- Members of the US House of representatives voted 428-1 to pass legislation banning imports from China's Xinjiang region.
- The Act will require corporations to prove that goods imported from the region were not made using forced labour.
- The vote comes after the US announced a diplomatic boycott of the Beijing Olympics.
On Wednesday, the US House of Representatives passed legislation banning imports from China's Xinjiang region over its treatment of the Uyghur Muslim minority, as tensions continue to escalate between Washington and Beijing.
Members of the House voted 428-1 to pass the "Uyghur Forced Labor Prevention Act," which requires corporations to prove "with clear and convincing evidence" that any goods imported from the region were not made using forced labour.
"Right now, Beijing is orchestrating a brutal and accelerating campaign of repression against the Uyghur people and other Muslim minorities," Speaker Nancy Pelosi told lawmakers ahead of the vote.
"In Xinjiang, across China, millions were enduring outrageous human rights abuses: from mass surveillance and disciplinary policing; to mass torture including solitary confinement and forced sterilisations; intimidation of journalists and activists who is have dared to expose the truth."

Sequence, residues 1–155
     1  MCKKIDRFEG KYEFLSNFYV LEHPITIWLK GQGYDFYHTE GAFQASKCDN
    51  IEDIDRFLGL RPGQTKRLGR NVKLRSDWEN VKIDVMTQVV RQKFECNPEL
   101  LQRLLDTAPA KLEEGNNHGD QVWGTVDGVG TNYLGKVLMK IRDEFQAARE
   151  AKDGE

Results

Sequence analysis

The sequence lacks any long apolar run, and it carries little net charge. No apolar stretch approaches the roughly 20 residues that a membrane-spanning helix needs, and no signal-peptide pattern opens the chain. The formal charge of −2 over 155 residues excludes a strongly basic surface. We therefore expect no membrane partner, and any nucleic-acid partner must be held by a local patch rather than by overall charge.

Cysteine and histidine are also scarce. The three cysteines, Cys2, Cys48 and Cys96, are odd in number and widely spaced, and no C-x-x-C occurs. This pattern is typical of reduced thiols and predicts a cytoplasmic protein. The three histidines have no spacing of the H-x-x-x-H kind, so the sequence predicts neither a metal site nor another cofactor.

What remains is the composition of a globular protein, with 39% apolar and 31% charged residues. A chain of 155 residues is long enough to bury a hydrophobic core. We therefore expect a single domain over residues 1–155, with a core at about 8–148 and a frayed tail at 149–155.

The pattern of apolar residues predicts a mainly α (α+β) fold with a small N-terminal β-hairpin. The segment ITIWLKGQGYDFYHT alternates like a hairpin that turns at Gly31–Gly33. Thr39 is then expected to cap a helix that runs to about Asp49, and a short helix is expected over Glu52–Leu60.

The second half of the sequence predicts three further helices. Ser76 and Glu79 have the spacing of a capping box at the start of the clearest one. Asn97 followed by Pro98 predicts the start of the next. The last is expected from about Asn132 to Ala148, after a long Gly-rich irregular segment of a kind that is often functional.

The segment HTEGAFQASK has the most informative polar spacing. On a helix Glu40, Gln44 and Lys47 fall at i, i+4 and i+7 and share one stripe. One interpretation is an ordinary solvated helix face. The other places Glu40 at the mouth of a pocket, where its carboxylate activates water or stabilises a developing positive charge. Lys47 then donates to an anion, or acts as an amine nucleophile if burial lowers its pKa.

China has denied the accusations concerning its treatment of the Uyghurs. There was no immediate comment on the House vote from Beijing.
The US Senate has previously approved a similar measure, and the two will now need reconciling.
The bill will then need to be signed into law by president Joe Biden, and it was unclear whether it had White House support.
The vote comes shortly after the White House announced a diplomatic boycott of the Beijing 2022 winter Olympics over what it termed China's "genocide" of the Uyghur minority and other human rights abuses, a move that drew a harsh rebuke from Beijing.
In a separate 428-0 vote, the House also passed a resolution stating that the International Olympic Committee "failed to adhere to its human rights commitments" amid doubts about the safety of Chinese tennis star Peng Shuai, who has accused a top Communist Party leader of sexual assault.
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